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Deccan Herald » Panorama » Detailed Story
Paving the way for volunteerism
By Sabu Joseph & Maitreyee Kumar
The Indian academia has started recognising corporate citizenship after the WTO and the emergence of a number of entrepreneurs from modest backgrounds in the limelight in all regions of India.

The context of this article refers to the number of people who approach us with a request for volunteer certificates and references from our NGO to add weight to their resume for admissions in premier business schools and academic institutes all across the developed countries. Community service being recognised even at the entry level of a professional career emphasises the need of creating a set of future technocrats and leaders who believe in social change and action. Such practices would be more relevant in our Indian situation and this should be an area where academia and policy-makers really put in a concerted effort.

The Indian academia has started recognising corporate citizenship after the WTO and the emergence of a number of entrepreneurs from modest backgrounds in the limelight in all regions of India. The proliferation of a large number of MNCs with massive development programmes has also made policy-makers and other corporates explore and initiate such business models.

It is encouraging to see community service positions being advertised widely and social development programmes designed with the help of NGOs for employee engagement and participation. But unfortunately, most of these initiatives are pure charity or welfare-oriented programmes like setting up orphanages, hospitals and other institutional care centres. While these welfare activities are a great need, it is also necessary to empower communities to bring about a lasting and sustainable social change. Empowerment is the ‘Rights’ approach where the disadvantaged and marginalised become aware of their rights, their capability and opportunities to improve their life in a holistic manner.

The bottom line should be to move away from the charity mode that is prevalent today as it creates dependence between provider and recipient. Any meaningful civil society intervention should facilitate long-term sustainable solutions where people take control of their own life. As society provides the means of business, corporate citizenship should involve an inclusive approach to care of the needs, aspirations and rights of all strata of society.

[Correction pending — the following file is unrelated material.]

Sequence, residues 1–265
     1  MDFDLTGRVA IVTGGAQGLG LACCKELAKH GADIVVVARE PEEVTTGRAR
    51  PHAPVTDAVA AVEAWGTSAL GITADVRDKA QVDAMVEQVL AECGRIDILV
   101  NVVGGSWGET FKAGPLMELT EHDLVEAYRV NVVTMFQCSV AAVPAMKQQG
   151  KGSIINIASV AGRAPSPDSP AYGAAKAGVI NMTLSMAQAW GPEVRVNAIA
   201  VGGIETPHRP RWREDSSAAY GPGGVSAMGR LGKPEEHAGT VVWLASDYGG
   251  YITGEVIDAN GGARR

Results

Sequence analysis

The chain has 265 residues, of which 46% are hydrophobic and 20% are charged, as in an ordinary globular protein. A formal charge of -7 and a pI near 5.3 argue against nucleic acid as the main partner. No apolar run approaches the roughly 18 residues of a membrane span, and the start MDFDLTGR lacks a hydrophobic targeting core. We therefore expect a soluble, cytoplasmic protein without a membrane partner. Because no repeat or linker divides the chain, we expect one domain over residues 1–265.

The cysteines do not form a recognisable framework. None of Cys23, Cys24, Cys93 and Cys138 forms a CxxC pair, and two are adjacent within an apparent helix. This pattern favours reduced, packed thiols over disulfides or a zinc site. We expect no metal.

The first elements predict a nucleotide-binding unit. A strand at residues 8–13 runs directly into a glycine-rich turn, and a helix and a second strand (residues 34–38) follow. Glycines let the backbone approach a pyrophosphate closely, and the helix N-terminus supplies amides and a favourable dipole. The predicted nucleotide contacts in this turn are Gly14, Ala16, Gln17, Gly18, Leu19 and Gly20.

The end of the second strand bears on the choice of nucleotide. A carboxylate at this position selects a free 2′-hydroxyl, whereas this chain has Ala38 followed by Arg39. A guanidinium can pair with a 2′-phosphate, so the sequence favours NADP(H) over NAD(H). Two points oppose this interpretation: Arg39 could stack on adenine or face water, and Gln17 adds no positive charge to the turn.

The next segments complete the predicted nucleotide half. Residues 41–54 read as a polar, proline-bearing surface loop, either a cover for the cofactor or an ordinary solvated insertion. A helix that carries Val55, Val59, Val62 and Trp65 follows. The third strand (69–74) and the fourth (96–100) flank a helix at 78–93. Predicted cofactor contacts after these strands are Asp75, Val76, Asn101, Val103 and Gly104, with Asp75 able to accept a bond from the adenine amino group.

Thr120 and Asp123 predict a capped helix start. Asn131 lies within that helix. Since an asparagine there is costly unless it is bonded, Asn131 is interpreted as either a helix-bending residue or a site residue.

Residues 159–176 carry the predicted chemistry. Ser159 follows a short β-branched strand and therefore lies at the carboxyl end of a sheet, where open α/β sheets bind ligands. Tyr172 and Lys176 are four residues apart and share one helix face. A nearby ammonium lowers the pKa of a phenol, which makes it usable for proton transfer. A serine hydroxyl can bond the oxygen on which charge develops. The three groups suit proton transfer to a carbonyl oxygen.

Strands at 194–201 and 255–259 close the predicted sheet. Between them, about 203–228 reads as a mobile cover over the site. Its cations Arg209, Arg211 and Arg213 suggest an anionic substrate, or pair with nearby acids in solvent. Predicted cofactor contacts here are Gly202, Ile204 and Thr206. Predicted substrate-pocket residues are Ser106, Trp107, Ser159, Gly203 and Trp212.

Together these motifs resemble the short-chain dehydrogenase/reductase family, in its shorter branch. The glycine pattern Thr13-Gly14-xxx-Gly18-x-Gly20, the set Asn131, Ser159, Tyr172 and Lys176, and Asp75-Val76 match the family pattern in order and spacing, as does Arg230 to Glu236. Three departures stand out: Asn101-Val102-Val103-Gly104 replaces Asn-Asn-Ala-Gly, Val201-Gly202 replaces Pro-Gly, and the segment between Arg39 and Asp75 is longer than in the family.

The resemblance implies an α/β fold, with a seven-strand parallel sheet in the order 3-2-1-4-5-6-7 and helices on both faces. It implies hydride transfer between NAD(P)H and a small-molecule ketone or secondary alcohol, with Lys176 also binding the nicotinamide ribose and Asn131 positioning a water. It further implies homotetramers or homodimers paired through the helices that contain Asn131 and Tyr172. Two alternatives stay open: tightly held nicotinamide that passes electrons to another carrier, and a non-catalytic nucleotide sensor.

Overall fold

Our universities and institutes need to produce technocrats and managers with a human touch and interface. This could be achieved only if a sense of community feeling and ownership is inculcated at a young age. It is high time we give preference to a prospective student's social orientation and community involvement along with his/her academic credentials in the admission and selection processes. As a country that requires the citizens' concern and action to help solve its growing social problems, we need to inculcate corporate citizenship right from the school-going age. There is already a positive trend, a growing concern and awareness among youngsters to contribute to the social development of the nation. It would help if education institutes and corporate houses recognise and nurture these values. Such practices should be more of the norm than the exception in society today.

Policy-makers and decision-makers need to work on promoting volunteerism at the school level by encouraging internship with community organisations as part of technical and management education. They must also recognise community work and volunteering in admissions and recruitment to create a generation who would care for the holistic development of all sections of society and eventually the country.

It also makes business sense to corporates to have a socially oriented person on their payroll as such people may be willing to take up rural projects and assignments which can in turn boost rural industrialisation. This will create enlightened minds as managers and technocrats.

(The writers are with Dream School Foundation, an NGO.)

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